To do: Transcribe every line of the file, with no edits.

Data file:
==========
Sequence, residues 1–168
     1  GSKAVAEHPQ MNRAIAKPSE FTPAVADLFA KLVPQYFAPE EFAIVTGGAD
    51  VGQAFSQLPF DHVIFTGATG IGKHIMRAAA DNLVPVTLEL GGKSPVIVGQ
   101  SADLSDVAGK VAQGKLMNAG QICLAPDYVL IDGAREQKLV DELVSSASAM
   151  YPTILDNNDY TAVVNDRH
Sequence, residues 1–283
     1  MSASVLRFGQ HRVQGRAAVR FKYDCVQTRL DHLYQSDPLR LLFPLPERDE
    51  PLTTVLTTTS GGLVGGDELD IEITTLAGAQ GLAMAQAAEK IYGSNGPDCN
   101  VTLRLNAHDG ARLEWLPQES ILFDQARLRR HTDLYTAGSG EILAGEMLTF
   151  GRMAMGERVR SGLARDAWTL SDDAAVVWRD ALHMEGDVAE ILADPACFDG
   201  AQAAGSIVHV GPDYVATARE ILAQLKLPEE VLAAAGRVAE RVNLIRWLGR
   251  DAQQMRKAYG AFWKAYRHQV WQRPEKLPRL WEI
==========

Sequence, residues 1–168
     1  GSKAVAEHPQ MNRAIAKPSE FTPAVADLFA KLVPQYFAPE EFAIVTGGAD
    51  VGQAFSQLPF DHVIFTGATG IGKHIMRAAA DNLVPVTLEL GGKSPVIVGQ
   101  SADLSDVAGK VAQGKLMNAG QICLAPDYVL IDGAREQKLV DELVSSASAM
   151  YPTILDNNDY TAVVNDRH
Sequence, residues 1–283
     1  MSASVLRFGQ HRVQGRAAVR FKYDCVQTRL DHLYQSDPLR LLFPLPERDE
    51  PLTTVLTTTS GGLVGGDELD IEITTLAGAQ GLAMAQAAEK IYGSNGPDCN
   101  VTLRLNAHDG ARLEWLPQES ILFDQARLRR HTDLYTAGSG EILAGEMLTF
   151  GRMAMGERVR SGLARDAWTL SDDAAVVWRD ALHMEGDVAE ILADPACFDG
   201  AQAAGSIVHV GPDYVATARE ILAQLKLPEE VLAAAGRVAE RVNLIRWLGR
   251  DAQQMRKAYG AFWKAYRHQV WQRPEKLPRL WEI